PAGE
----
Climate disclosure rule halted by federal court in setback for SEC

Fracking companies secure pause in rule’s application, arguing they should not pay compliance costs while legal arguments continue.

The SEC’s new rule requiring publicly traded companies to reveal information related to climate change has been halted by a federal court.

The rule, approved by the SEC on March 6, was the first nationwide climate disclosure rule in the United States. It was passed by a 3-2 vote of SEC commissioners, with the decision split along party lines, and experts are already debating how effective it will be.

Even in a form many consider to have been a watered-down version of earlier proposals, the rule immediately prompted a group of nine Republican-led states to announce their intention to challenge it in court. But it’s a challenge from two fracking companies that has led to a pause in the application of the rule.

Liberty Energy and Nomad Proppant Services asked the Fifth Circuit Court of Appeal to put the rule “on hold” and argued that litigation against it was likely to succeed and so they should not face compliance costs while the legal arguments play out.

Application to pause

While the three judges on the panel, Judges Edith Jones, Stephan Higginson and Cory Wilson, did not give details of the reasons for granting the application to pause, the decision would seem to indicate they think moves to block the rule have some merit.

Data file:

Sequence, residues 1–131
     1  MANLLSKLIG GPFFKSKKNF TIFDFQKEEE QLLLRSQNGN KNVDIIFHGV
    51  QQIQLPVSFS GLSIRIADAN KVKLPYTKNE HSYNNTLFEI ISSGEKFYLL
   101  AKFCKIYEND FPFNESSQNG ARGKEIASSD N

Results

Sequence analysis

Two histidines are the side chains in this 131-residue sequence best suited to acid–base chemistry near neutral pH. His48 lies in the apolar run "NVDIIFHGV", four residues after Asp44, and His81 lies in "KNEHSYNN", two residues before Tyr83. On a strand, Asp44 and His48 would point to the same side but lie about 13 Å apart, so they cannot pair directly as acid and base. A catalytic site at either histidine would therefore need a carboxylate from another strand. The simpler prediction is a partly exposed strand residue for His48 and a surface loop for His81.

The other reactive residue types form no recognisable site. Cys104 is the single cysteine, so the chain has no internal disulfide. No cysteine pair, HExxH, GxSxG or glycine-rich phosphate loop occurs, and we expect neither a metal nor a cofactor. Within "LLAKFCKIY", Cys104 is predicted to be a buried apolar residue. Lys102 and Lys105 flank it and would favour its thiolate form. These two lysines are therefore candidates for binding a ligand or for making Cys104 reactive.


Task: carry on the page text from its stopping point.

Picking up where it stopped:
The SEC argued unsuccessfully that the two companies had not shown they would suffer “imminent and irreparable harm” and pointed out that Liberty Energy – the only petitioner that is publicly listed – already discloses some climate-related risks.

The regulator’s decision to drop the requirement for disclosure of Scope 3 emissions – those resulting from the activities of third parties in the company’s “value chain” – was seen as an attempt to help the rule withstand legal challenge. Given the speed with which the rule has been challenged in the courts that may not be the case, and the move has attracted criticism from climate groups who argue it means the SEC has “fallen short on a core mission” to provide investors with information they need.